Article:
This model is a development of the 50 Hz J420 introduced in 2002 to fit into the output gap between the 1MW J320 GS and the 1.8 MW J612 GS engines, a family of drivers launched as a new generation of high efficiency units under the Jenbacher ‘high-efficiency concept.’ More than 300 of the 50Hz J420 GS units have been installed around the world, operating on a variety of fuels.

The new 60 Hz model, which is being sold on the same high-flexibility ticket, offers good thermal efficiency at high specific outputs at 1800 rpm, suitable for natural gas or a variety of other fuels such as landfill gas, biogas, sewage gas and coal mine gas. GE says that the J420 has completed rigorous endurance and performance testing at its manufacturing facilities in Austria, inherited at the time of its purchse of Jenbacher.

GE says that the J420 GS is characterised by a very high power density owing to its highly compact, robust design and small footprint, resulting in low investment in foundations and buildings. Key advanced efficiency features include swirl-optimised four-valve cylinder heads, a Miller timing combustion system and high-performance spark plugs developed in-house by GE. The new components can operate for longer between overhauls, typically 30 000 hours for cylinder heads and 15 000 hours for spark plugs.

Thermal output of the new model will be about 5700 MBTU/h when fuelled by natural gas and 5400 MBTU/h for biogas. Electrical efficiency is 40.8%, with a total engine efficiency of up to 86.6%.

First orders in North America for the new model include units destined for natural gas cogeneration projects and others that are being installed for landfill and sewage gas-to-energy applications. The first J420 for 60Hz applications will be commissioned in early 2007, with the first field installation entering service during the first quarter of 2007.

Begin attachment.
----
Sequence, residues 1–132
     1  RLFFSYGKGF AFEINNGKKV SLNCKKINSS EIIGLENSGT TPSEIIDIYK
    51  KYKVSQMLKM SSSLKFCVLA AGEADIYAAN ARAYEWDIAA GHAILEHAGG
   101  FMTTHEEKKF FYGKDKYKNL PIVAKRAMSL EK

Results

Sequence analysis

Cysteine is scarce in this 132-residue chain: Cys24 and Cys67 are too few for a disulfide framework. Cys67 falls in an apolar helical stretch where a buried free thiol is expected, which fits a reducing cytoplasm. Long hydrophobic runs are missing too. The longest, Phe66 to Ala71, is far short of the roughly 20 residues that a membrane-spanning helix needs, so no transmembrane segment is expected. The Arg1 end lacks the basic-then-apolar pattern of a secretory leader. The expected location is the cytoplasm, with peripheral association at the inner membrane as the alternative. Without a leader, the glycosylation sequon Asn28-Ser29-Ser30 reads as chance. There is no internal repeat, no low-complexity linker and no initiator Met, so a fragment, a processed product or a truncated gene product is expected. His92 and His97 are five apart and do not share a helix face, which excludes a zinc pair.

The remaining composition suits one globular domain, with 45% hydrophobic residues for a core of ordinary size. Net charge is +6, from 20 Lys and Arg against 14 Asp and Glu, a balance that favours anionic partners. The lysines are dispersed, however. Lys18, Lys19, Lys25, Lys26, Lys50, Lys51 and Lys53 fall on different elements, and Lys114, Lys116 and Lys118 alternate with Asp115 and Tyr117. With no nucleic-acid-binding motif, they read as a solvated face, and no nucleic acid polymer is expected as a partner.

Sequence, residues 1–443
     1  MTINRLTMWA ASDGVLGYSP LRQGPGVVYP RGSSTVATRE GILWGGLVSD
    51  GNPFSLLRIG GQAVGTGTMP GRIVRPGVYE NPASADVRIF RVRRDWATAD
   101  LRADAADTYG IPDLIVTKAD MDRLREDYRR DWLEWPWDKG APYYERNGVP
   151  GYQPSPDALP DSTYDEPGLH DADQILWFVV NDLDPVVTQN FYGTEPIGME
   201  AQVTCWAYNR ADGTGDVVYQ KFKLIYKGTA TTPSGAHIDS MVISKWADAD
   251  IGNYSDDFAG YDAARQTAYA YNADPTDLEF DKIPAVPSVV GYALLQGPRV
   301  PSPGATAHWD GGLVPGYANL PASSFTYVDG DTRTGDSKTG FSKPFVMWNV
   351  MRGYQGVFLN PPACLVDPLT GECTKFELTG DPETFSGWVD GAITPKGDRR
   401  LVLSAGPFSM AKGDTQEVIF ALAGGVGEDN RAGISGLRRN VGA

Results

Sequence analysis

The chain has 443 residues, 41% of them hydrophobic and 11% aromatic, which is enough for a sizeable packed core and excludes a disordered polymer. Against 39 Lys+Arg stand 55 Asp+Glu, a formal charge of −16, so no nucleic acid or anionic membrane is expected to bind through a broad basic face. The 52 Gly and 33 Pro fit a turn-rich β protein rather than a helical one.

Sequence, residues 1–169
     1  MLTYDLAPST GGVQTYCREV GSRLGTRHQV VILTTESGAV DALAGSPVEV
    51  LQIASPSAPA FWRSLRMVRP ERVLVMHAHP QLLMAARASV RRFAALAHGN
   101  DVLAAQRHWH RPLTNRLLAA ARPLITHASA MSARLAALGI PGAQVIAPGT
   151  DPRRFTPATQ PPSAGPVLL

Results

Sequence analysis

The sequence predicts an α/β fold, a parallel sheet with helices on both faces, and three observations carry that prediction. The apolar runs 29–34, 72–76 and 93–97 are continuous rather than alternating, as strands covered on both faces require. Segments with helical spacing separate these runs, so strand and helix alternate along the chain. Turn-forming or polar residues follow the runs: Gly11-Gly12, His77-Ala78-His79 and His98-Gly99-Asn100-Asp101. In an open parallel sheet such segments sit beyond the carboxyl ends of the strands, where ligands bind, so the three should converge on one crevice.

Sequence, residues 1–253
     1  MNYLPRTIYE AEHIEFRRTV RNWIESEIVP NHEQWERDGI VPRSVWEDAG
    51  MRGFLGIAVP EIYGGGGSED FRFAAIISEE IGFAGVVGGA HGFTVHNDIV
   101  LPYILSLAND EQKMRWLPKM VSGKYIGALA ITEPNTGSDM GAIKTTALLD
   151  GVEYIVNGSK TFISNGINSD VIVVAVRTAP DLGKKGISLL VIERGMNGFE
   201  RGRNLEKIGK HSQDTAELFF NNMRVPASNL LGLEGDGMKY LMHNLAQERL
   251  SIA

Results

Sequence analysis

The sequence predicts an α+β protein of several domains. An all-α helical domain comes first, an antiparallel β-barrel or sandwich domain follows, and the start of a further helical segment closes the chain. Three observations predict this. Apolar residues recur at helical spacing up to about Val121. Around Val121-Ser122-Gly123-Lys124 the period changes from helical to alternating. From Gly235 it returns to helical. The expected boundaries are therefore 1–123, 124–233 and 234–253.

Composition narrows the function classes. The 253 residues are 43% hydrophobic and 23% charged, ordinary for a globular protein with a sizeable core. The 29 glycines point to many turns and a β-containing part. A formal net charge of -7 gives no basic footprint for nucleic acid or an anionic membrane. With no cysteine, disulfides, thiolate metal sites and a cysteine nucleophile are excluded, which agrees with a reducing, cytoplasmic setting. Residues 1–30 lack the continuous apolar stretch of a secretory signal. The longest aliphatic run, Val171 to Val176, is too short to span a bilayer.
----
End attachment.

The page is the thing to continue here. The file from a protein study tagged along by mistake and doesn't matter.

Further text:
…while big brother goes underground down under

A new energy plant in south-eastern Queensland, Australia, consisting of 11 of GE Energy’s largest Jenbacher gas engines, is being built to use coal seam gas from unmined coal beds. The gas in question is more than 90% methane and is of stable enough composition to be fed directly into gas engines. The 30 MW Daandine power generation project, which has a total installed base of 33.5 MW, is being developed by Arrow Energy NL in the Surat Basin, approximately 250km west of Brisbane immediately to the south of Arrow’s Kogan North project. Arrow Energy is a specialist in the exploration and development of such coal seam gas resources in south and central Queensland and northern New South Wales.

GE supplied 11 of its Jenbacher JGS 620 GS-S.L gas engine generating sets including generators and standard engine accessories that include gas trains and DIA.NE control panels. The company also provided the engine management system while overall site SCADA control and turnkey design was provided by Clarke Energy, a GE distributor that also carried out the installation on behalf of Arrow. Delivery to the site was completed in November 2006.

The units are rated at 3.04MWe with an electrical efficiency of 43.3%. First sales of electricity from the Daandine station were expected before the end of 2006. All output will be sold to New South Wales energy retailer Country Energy under a long-term power purchase agreement.

GE Energy’s new 60 Hz version of its Jenbacher 1.46 MW gas engine generating set